By the start of the 24 campaign-season, Tacfarinas felt strong enough to lay siege to the Roman strong-point of Thubuscum (Khamisa, Algeria or Teboursouk, Tunisia). Dolabella hurriedly assembled all his available troops and rushed to raise the siege. As usual, the Numidians proved unable to withstand the Roman infantry charge and were routed by the first assault; they fled westwards into Mauretania. Dolabella now embarked on an all-out effort to hunt down the ever-elusive Tacfarinas, as it was evident that, unless its leader was eliminated, the insurgency would never end. The proconsul summoned assistance from Ptolemy, in whose kingdom Tacfarinas had taken refuge, and who supplied large numbers of the Mauri horsemen who had remained loyal to him. Thus reinforced, Dolabella divided his force into four divisions advancing in parallel to cover as much territory as possible, with the allied cavalry acting as scouts, criss-crossing between the main columns.[15]

The locations of Africa and Mauretania within the Roman Empire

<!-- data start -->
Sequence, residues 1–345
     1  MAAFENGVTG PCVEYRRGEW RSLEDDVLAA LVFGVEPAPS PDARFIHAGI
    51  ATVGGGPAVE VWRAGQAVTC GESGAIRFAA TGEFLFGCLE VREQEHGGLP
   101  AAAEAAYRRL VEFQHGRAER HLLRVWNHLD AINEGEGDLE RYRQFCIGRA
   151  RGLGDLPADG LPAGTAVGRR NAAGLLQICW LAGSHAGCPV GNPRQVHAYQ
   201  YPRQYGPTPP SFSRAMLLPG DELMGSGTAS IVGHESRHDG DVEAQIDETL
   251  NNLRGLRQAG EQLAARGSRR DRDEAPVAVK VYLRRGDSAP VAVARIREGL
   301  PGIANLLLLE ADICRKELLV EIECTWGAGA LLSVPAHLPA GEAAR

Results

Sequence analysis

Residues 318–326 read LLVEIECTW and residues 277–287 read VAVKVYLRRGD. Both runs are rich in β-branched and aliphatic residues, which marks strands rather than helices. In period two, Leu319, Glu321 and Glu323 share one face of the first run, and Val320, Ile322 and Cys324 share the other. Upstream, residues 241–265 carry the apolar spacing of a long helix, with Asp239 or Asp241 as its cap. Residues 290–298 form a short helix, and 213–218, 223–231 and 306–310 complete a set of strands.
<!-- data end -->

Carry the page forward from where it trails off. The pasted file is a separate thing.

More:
These tactics soon paid off, as the crucial intelligence was obtained that Tacfarinas had established a camp near the half-ruined fort of Auzea (Sour el-Ghozlane, south-east of Algiers), which Tacfarinas' men had themselves previously burnt down. Well to the west of the Roman province, the site was surrounded by extensive forests. Tacfarinas evidently discounted the possibility that the Romans could discover his location, as he apparently failed to post a screen of sentries in the woods. Dolabella immediately despatched a strike-force of lightly-armed infantry and Numidian cavalry. They approached Tacfarinas' camp unobserved, under cover of the woods and the pre-dawn darkness. At dawn the Romans attacked the camp in full battle-order as the disorganised Numidians scrambled to pick up their weapons and to find their horses. The complete surprise resulted in a massacre, made all the bloodier by the Romans' lust for revenge after years of humiliation. Acting on strict orders the Roman centurions directed their men against Tacfarinas himself. The latter and his entourage were soon surrounded by overwhelming numbers and in a fierce fight his bodyguards were killed and his son taken prisoner. Recognising that there was no possibility of escape, Tacfarinas impaled himself on the massed spears of his assailants.[16]